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CHOGM: Manmohan tells Rajapaksa he is not coming

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Story Dated: Sunday, November 10, 2013 01:30 hrs UTC

 Indian Prime Minister Manmohan Singh Sunday sent a letter of regret to Sri Lankan President Mahinda Rajapaksa, explaining why he is not attending the Commonwealth summit in Colombo next week.

The letter, whose contents were not disclosed, was sent following the UPA government's decision to scale down the level of India's participation at the Nov 15-17 Commonwealth Heads of Government Meeting (CHOGM) in Colombo.

This followed emotive protests by Tamil Nadu parties and opposition from some central Congress ministers over Sri Lanka's reported human rights abuses and its failure to devolve power to the Tamil minority.

The prime minister, who was in Chhattisgarh Saturday campaigning for the Congress in assembly elections, returned to the capital at night. The letter was sent Sunday, an official source told IANS.

External Affairs Minister Salman Khurshid will now lead the Indian delegation to the CHOGM summit of 53 countries, being held in Asia after two decades.

Navtej Sarna, additional secretary in the external affairs ministry, and Pavan Kapoor, joint secretary, UN political division of the ministry, will attend the official-level meetings ahead of the summit.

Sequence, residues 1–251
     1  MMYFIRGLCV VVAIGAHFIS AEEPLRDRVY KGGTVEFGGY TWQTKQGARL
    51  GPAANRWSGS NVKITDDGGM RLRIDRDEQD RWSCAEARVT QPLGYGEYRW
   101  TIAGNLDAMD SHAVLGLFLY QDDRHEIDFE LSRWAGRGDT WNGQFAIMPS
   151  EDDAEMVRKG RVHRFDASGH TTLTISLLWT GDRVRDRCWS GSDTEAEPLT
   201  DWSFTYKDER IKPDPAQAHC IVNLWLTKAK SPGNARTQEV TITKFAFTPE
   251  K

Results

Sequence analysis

Foreign Secretary Sujatha Singh would also be there.

The decision to keep the prime minister away from Colombo has been hailed by DMK patriarch M. Karunanidhi, who said it was "somewhat comforting that at least Manmohan Singh has listened to our voice".

Sri Lanka was very keen to see Manmohan Singh at the summit. It sent its Foreign Minister G.L. Peiris in August to personally hand over the invite.

The prime minister, a strong votary of good neighbourly relations, was reportedly keen to go. The external affairs ministry also pushed for his attendance at the summit, keeping in mind India's overall security and strategic interests.

The DMK and the AIADMK, along with other Tamil parties, however, demanded that India boycott the summit. Central ministers P. Chidambaram, Jayanthi Natarajan and G.K. Vasan -- who all hail from Tamil Nadu -- as well as V. Narayanasamy -- who is from Puduchery -- were pressing the prime minister that he keep in mind Tamil interests while deciding, especially with the general elections in the country just months ahead.

The Congress Core Group at its Friday meeting too decided against the prime minister going to Sri Lanka.

The more vocal critics in Tamil Nadu, which is separated from Sri Lanka by a strip of sea, accused the Sri Lankan military of killing innocent Tamil civilians during the final stages of the war that crushed the Tamil Tigers in May 2009.

There is also anger in Tamil Nadu over the continuing attacks on Indian fishermen in the sea by the Sri Lanka Navy. Separately, many in India are upset that Sri Lanka has gone back on promises it made to New Delhi when the war was raging on devolving autonomy to the Tamil minority.

There have been two occasions since 1993 when India sent its external affairs minister to attend the Commonwealth summit.

In 1995 at Auckland, New Zealand, Pranab Mukherjee as external affairs minister led the Indian delegation. In 2002 in Coolum, Australia, it was Jaswant Singh as the external affairs minister who went in place of the prime minister.


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